I’m not really one for New Year’s resolutions, but I wanted to echo and add to something I wrote about last year around this time. I’ve always been an avid reader. As long as I can remember, I’ve spent a portion of my day reading, but it was keeping this blog that really helped me grow as a reader. I’ve valued the discussion, the community and having a platform to share my thoughts. I think, though, the most valuable part of this experience for me has been using the blog as a reading journal. Keeping track of what I read and writing a few sentences about most of those books has changed the way I read. Before, I never kept track of what I read, but now I feel like I’m building a library of knowledge to mull over and share. Books live on in my memory a lot longer than they used to.So, if you happen to be in the market for a resolution this New Year’s, feel free to borrow this one. It’s simple: Keep track of every book you read this year. Write down the title and author, and, if you feel like it might be a worthwhile exercise for you, jot down a few thoughts about each book. It will enrich your reading experience.
Malcolm Gladwell and Adam Gopnik, both incisive, witty journalists, staff writers at the New Yorker, and expat Canadians, return to Toronto this weekend for a live debate Sunday afternoon at the University of Toronto’s Convocation Hall.The topic: Canada: Nation or Notion? (And as a proud and sometimes confused Canadian myself, I’m eager to learn the answer)If you happen to be in the Toronto area, tickets can be purchased here. And I believe there are plans to air the debate, down the road, on CBC Radio.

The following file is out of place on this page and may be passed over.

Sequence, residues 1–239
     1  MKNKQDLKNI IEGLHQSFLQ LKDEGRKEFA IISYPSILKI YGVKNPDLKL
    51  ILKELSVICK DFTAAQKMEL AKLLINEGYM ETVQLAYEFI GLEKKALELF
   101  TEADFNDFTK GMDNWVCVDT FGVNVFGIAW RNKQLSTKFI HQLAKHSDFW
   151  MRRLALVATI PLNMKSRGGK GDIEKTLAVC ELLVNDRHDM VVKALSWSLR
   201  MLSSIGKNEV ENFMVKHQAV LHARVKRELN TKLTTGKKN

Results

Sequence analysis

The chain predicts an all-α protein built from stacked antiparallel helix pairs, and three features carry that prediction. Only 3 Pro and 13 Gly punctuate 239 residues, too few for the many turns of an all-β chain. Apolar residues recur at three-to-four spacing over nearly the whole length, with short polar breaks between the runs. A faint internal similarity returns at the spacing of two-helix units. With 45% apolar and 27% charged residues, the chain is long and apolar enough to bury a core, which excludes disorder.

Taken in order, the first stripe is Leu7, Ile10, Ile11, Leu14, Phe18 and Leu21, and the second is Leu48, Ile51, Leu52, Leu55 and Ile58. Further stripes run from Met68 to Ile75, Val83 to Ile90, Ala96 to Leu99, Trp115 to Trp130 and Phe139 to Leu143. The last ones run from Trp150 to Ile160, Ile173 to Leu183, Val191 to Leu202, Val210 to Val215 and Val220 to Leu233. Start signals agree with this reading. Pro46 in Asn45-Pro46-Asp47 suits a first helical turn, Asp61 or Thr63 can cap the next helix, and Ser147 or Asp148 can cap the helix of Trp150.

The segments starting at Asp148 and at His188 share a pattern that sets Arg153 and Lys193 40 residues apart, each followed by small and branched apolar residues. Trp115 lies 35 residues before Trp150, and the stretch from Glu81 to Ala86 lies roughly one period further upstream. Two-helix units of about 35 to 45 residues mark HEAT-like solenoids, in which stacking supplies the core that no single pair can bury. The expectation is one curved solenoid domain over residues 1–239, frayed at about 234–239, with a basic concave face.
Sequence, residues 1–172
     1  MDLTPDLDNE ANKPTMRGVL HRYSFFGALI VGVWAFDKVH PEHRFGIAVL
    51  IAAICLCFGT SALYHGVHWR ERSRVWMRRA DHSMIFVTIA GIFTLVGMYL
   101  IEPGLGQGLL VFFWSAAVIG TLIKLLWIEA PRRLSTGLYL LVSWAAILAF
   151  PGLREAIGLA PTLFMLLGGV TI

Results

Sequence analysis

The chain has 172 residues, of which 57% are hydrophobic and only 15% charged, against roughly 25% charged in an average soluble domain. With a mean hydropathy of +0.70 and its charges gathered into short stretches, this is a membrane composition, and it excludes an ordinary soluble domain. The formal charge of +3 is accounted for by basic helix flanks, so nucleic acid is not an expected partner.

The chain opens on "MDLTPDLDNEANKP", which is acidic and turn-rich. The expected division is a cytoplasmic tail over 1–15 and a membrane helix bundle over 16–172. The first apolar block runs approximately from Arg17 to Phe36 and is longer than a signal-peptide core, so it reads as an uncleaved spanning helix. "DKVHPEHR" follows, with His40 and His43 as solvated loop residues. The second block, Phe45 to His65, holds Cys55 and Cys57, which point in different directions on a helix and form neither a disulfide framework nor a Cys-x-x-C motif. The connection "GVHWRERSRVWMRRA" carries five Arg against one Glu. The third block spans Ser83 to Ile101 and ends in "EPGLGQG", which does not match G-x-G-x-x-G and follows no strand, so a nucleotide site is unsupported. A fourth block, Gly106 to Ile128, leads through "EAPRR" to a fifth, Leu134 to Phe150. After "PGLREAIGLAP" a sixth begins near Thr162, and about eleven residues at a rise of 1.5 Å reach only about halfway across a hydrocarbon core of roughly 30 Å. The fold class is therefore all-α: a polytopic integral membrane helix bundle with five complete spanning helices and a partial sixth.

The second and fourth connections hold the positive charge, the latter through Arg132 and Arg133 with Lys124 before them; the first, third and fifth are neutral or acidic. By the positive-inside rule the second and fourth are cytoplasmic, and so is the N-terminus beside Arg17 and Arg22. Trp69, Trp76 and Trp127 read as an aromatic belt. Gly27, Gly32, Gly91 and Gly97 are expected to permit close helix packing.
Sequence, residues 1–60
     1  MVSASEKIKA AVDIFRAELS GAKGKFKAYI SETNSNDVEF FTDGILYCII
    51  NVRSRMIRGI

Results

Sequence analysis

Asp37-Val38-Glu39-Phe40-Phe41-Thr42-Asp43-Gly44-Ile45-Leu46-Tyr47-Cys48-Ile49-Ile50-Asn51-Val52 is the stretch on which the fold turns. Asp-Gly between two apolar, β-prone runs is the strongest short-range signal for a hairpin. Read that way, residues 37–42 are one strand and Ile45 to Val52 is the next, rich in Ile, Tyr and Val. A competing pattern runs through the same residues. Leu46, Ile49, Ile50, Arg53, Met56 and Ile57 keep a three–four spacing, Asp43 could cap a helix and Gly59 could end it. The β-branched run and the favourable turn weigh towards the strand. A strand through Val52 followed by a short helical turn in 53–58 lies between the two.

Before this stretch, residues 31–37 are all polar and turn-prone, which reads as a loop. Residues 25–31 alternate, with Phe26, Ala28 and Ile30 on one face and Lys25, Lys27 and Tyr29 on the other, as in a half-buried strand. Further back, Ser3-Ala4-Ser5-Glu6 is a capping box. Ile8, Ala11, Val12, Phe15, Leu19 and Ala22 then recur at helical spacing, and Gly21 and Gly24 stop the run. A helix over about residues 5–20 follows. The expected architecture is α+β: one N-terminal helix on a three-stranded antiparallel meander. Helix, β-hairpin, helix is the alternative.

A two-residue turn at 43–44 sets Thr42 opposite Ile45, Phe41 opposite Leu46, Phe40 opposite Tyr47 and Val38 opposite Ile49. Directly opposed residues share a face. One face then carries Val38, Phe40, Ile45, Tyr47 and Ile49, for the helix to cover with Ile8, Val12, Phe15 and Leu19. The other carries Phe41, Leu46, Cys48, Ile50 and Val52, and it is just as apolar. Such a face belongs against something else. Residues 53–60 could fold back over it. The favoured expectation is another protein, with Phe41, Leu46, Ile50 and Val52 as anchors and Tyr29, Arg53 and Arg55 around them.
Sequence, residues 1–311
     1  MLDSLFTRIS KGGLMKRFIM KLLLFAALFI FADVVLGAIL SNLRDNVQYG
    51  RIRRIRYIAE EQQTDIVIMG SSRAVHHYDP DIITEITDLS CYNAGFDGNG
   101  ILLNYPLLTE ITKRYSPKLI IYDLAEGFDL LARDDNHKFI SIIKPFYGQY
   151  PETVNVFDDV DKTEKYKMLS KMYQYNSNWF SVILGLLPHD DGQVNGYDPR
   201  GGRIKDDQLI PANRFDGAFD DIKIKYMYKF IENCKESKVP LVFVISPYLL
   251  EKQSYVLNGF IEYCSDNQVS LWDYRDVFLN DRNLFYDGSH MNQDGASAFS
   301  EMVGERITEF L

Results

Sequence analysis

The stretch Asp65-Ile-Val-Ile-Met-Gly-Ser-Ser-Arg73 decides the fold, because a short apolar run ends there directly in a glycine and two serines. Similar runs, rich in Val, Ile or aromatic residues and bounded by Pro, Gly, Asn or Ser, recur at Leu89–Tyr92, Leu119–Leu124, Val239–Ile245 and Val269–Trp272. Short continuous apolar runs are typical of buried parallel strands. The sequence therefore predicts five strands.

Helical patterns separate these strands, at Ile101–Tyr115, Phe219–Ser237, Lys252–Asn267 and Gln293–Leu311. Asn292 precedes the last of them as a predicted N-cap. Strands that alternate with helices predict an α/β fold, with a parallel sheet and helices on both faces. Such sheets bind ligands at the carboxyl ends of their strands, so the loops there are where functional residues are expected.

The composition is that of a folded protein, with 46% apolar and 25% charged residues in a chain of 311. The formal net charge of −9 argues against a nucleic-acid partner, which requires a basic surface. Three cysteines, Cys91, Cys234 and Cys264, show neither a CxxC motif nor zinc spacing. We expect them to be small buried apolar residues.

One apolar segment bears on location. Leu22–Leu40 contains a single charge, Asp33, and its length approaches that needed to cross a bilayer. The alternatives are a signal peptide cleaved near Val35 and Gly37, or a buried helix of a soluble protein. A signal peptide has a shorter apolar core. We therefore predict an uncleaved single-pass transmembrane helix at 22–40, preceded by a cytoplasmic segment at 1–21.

Using Amazon.com bestseller rankings as his data set, a physicist at UCLA, Didier Sornette, and his coauthors have just completed a study to investigate which phenomena lie behind the creation of best-selling books. While Sornette acknowledges that a big sales spike occurs after a book receives a prominent review or a mention on television, “the slower peaks tend to generate more sales over time.” He finds that word of mouth is — scientifically — the best way to sell books. Or, to put it another way, it appears as though the laws of physics decree that creative marketing will win out over the more aggressive variety. Here’s the abstract for the original study with all its scientific mumbo-jumbo.A Baseball Book MiracleAs Janet Maslin notes in her review of Faithful: Two Diehard Boston Red Sox Fans Chronicle the Historic 2004 Season, Stephen King and Stewart O’Nan couldn’t have picked a better year than this one to write a fan’s-eye-view book about their beloved Boston Red Sox. Maslin likes the book and I’m not surprised; passion for the subject matter often leads to inspired and entertaining writing.